Tuesday, February 9, 2010

Super Bowl Cookies


I started these babies on Saturday night, but the process of frosting them took half the day Sunday as well. Whew!

They turned out great, though.

On the suggestion of an LJ friend, I used a different sugar cookie recipe than my good, old Christmas Cookie standby.

I used this one from Recipezaar

Kittencal's Buttery Cut-Out Sugar Cookies W/ Icing That Hardens
COOKIES
- 1 cup butter, softened (no substitutes)
- 1 cup sugar
- 2 eggs
- 1/2 teaspoon vanilla
- 1/2 teaspoon almond extract
- 3 1/4 cups all-purpose flour
- 1/2 teaspoon baking soda
- 1/2 teaspoon baking powder
- 1/2 teaspoon salt

FROSTING
- 2 cups sifted confectioners' sugar (the sugar must be sifted)
- 1 tablespoon milk (adding in more if needed for proper spreading consistency)
- 1 tablespoon light corn syrup
- 1/4 teaspoon almond extract (can use 1/2 teaspoon vanilla in place of the almond)
- food coloring (use your choice of colours)

For cookies; in a large bowl combine butter with sugar, eggs, vanilla and almond extract; beat using an electric mixer on high speed until light and fluffy. In another bowl combine the flour with baking powder, baking soda and salt; gradually stir into the butter mixture until well blended. Cover bowl with plastic wrap and chill for 2 hours.

Set oven to 400°F. Line cookie sheets with parchment paper (do not grease cookie sheets use parchment paper only). On a very lightly floured surface roll out the dough into about 1/4-inch thickness. Cut into desired shapes using cookie cutters. Place cookies 2-inches apart on cookie sheet. Bake 4-6 minutes. Remove cookies to wire racks to cool completely before icing.

For the frosting; in a small bowl mix the confectioners sugar with milk (start with 1-2 tablespoons, you will likely need more milk for the perfect spreading consistency). Beat in corn syrup and almond extract until the icing is smooth and glossy (if the icing is too thick add in a small amount more of corn syrup). Divide into as many separate bowls as you wish for different colours. Add in food colouring until desired intensity is achieved. Paint the icing over the cookies using a brush, or dip edges of cookies into icing. Allow to set on waxed paper.

I'd never done the spoon or dip method of frosting, so I decided to use the outline/flood method instead. It worked, and looked okay, but it was definitely time-consuming. I think next time I'll dip or spoon.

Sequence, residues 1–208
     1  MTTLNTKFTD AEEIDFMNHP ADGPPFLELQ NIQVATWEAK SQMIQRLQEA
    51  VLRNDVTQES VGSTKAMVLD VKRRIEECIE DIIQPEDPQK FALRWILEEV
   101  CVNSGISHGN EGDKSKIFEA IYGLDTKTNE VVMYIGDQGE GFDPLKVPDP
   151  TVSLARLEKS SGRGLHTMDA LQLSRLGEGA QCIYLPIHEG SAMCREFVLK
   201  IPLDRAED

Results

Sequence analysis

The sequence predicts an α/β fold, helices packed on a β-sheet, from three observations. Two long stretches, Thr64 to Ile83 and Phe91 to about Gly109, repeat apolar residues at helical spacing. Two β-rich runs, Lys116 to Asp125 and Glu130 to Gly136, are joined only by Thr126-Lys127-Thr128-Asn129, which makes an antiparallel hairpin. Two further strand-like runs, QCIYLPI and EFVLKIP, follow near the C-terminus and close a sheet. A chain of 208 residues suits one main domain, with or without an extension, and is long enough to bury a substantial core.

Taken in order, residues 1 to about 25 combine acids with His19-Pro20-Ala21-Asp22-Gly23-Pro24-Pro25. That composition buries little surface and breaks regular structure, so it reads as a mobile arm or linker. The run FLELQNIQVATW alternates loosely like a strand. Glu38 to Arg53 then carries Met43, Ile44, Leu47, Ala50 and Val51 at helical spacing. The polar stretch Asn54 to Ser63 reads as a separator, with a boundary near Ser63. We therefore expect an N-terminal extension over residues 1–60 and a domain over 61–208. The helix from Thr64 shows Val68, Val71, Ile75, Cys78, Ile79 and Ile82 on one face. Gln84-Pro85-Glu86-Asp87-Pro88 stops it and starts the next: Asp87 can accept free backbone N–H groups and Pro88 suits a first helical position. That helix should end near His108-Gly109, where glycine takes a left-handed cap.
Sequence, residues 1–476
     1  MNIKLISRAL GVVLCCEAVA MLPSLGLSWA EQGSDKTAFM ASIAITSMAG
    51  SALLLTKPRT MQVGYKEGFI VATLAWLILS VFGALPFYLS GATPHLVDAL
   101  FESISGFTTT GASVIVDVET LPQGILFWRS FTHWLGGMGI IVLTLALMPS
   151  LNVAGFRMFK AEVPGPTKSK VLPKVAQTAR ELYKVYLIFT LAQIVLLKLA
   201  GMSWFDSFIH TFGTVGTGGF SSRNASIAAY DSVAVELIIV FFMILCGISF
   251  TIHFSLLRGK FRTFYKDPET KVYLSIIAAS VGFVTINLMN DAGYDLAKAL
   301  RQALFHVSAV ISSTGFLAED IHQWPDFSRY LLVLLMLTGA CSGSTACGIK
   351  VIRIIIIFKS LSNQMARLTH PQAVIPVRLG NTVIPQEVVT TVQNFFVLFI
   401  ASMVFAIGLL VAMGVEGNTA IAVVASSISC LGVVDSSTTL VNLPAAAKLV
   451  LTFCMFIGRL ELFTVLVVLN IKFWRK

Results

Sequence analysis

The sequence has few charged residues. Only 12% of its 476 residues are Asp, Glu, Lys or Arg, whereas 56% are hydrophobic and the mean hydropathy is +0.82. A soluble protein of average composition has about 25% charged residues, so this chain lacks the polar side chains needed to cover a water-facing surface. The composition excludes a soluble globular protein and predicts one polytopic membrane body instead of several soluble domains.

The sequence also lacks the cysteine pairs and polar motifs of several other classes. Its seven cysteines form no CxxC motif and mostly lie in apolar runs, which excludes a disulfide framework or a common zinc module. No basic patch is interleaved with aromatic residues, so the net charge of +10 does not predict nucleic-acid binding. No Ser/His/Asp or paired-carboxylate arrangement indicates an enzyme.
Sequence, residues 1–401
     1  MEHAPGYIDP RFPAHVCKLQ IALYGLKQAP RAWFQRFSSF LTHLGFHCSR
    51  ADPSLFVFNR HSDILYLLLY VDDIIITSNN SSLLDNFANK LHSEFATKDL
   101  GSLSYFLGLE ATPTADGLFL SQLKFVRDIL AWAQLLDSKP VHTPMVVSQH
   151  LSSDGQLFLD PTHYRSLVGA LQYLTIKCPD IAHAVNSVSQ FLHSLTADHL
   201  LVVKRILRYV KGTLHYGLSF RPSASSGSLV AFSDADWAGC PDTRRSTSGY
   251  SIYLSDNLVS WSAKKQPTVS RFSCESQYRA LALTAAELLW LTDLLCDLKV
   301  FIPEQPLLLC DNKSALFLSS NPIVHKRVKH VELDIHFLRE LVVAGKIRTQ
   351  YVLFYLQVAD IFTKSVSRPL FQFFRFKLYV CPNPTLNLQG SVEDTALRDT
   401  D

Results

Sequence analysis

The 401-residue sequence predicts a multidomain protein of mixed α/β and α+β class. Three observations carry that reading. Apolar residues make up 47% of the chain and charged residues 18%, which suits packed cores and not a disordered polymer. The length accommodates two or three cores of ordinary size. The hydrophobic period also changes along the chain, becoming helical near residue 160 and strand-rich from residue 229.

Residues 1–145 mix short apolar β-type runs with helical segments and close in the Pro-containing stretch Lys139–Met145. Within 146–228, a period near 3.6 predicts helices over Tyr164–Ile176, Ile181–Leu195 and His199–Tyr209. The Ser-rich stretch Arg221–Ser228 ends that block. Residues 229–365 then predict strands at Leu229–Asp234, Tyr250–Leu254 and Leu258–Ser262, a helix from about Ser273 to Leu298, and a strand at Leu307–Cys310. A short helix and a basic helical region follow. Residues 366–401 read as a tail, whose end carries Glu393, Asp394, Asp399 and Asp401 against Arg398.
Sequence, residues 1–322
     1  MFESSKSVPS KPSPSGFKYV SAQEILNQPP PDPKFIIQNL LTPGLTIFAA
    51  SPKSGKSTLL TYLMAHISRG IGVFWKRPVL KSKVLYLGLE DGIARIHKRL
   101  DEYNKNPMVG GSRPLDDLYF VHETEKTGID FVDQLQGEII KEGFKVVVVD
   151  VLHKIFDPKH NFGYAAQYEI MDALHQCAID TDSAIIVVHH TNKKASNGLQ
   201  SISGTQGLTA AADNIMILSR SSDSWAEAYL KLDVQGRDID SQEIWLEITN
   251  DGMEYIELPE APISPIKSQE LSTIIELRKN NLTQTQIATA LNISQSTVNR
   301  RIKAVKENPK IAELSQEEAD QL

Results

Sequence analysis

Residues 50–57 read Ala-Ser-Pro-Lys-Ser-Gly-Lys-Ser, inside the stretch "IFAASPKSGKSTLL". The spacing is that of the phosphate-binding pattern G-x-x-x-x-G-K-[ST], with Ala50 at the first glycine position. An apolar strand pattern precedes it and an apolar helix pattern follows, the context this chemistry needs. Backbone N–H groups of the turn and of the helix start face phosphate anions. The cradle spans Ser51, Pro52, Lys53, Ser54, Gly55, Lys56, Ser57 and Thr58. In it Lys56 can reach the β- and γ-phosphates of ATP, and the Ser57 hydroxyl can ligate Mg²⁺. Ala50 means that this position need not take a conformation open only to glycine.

I also bumped up the amount of vanilla and almond extract in both the batter and the frosting. I like my flavor!

I could get roughly two (maybe three) cookies from each section of dough I rolled.

They baked up to a lovely almond color, and kept their shape very well.

Who Dat?

Trying out the outline/flood method of frosting. They looked nice, but my hands were sore!

I didn't have any royal blue food coloring, so I had to make do with sky blue.

I thought it was funny how I had them lined up like they were actually on the field. The colts have 12 players, though! Whoops!

After reading Bakerella's post on her Oscar cookies, I wanted to try out some luster dust to give them a nice shine. I don't think I did it quite right - I put some almond flavoring in a little ramekin, poured a little luster dust in that and then brushed it on the cookies. I think I needed less flavoring. You can kind of see the shimmer here.

The blue luster dust made the horseshoes a little more blue,which was nice. I realized later I added too many "nails" but oh well!

The finished cookies! I got about 2 dozen cookies out of this recipe (and they were good-sized cookies, about 5" apiece). It did take two batches of frosting, though. Everyone liked them and the hub only had a few left to take into work on Monday.

I did like the recipe, but I missed the nutmeg flavor that's in my Christmas Cookie recipe. I'll definitely keep this one on hand.

1 comment:

Mom on the Run said...

Cute! I just happen to have that big fleur de lis cookie cutter, too.